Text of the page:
Bus Éireann letter proposes cuts to drivers’ overtime

Company seeks €5m a year in savings and to avert threatened all-out strike action

Bus Éireann wants to reduce drivers’ overtime by an average  three hours a week. Photograph: Dara Mac Dónaill

Bus Éireann wants to reduce drivers’ overtime by an average three hours a week. Photograph: Dara Mac Dónaill


Bus Éireann is proposing to reduce overtime for its drivers by an average of three hours a week to generate savings of €5 million a year, in a bid to secure its survival and avoid a threatened all-out indefinite strike by workers.

The overtime proposal is contained in a letter sent by the company to officials at the National Bus and Rail Union (NBRU) and Siptu on Thursday.

The company lost more than €9 million last year and recorded a deficit of €1.5 million in January this year. It has said it is due to be insolvent by May.

However, unions at the company have threatened to strike if the company takes unilateral action on workers’ pay and conditions as a result of the firm’s financial crisis.

“The drivers’ grade is by far the largest group within Bus Éireann and this is where most efficiency savings can be identified, and these must be implemented,” the company’s letter said.

“Inefficiencies have resulted in unnecessary overtime and staff employed who are now surplus to our business requirements.

“Our request of the trade unions is that they embrace and commit to all improved efficiencies.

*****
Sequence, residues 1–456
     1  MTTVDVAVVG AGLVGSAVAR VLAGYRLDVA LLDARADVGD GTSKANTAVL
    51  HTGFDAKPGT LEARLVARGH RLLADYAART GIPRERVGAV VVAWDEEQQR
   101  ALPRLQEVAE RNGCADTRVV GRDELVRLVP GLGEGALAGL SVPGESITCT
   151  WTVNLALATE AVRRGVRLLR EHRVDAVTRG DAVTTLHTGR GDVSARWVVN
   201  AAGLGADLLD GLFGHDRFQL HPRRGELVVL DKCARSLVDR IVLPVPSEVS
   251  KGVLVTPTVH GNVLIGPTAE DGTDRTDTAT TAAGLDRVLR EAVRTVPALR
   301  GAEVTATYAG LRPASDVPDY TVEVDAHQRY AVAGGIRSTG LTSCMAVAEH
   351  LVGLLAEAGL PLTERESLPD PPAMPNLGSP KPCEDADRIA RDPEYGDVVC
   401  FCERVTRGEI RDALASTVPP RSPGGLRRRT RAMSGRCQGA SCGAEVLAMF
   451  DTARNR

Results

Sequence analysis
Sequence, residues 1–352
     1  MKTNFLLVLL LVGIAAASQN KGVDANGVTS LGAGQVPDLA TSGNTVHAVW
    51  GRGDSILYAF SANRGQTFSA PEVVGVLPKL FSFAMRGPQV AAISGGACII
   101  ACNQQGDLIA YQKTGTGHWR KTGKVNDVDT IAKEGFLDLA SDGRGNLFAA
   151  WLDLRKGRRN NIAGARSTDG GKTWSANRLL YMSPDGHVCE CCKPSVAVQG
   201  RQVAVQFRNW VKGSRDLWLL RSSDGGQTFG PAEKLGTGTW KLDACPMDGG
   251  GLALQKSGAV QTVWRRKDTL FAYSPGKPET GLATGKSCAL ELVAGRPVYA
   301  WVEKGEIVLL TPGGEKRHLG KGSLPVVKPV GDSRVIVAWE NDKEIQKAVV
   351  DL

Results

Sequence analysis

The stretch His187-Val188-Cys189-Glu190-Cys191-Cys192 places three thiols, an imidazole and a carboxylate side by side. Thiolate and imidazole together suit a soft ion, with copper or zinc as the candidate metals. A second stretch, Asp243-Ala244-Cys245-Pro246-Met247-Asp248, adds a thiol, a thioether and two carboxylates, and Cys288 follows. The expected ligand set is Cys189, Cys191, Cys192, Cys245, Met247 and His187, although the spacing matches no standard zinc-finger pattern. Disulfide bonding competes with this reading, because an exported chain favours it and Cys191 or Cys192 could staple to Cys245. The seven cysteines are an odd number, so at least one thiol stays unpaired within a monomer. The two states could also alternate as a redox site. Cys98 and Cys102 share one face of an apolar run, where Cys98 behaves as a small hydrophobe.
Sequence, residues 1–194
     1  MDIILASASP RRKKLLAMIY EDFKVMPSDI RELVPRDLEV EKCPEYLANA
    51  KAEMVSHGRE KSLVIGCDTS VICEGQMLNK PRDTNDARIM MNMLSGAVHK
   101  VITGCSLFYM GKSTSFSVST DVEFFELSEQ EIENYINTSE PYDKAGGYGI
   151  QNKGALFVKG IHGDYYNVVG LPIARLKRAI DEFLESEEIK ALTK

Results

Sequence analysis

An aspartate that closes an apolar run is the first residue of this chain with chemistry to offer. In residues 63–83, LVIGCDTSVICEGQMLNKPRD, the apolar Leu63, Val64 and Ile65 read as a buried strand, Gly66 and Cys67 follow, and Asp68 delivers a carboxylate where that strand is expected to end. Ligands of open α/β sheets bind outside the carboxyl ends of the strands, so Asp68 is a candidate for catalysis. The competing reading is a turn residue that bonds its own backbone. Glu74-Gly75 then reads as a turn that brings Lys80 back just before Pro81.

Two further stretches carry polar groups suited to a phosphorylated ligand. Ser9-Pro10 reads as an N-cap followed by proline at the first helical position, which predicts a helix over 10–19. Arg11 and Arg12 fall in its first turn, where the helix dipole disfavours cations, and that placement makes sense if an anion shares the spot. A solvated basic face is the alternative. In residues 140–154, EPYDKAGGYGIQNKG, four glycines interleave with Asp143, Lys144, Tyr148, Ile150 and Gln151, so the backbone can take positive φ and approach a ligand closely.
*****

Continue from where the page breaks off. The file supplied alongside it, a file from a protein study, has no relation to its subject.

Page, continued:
Bus Éireann said that if the unions were willing to accept these conditions, the company was prepared to make commitments in respect of drivers’ terms and conditions and to re-engage in negotiations at the Workplace Relations Commission (WRC).

In response to Bus Éireann’s letter, NBRU general secretary Dermot O’Leary reiterated his union’s “willingness to engage on an efficiency agenda across all grades” at the company.

“We remain firmly of the view that all stakeholders will require to be involved in any overarching sustainable solution,” he said.

“We now reaffirm this commitment. We will not, however, be dragged into a series of negotiations through the exchanging of correspondence.

Mr O’Leary said any decision in relation to further discussions with the company would be left to the WRC.

Meanwhile, Siptu transport sector organiser Willie Noone said Bus Éireann was engaged in a “stalling exercise”.

He said the proposal to cut driver overtime by an average of three hours would be “inequitable”, as some drivers do more overtime than others.

“By doing that, some people would be down more than others,” he said.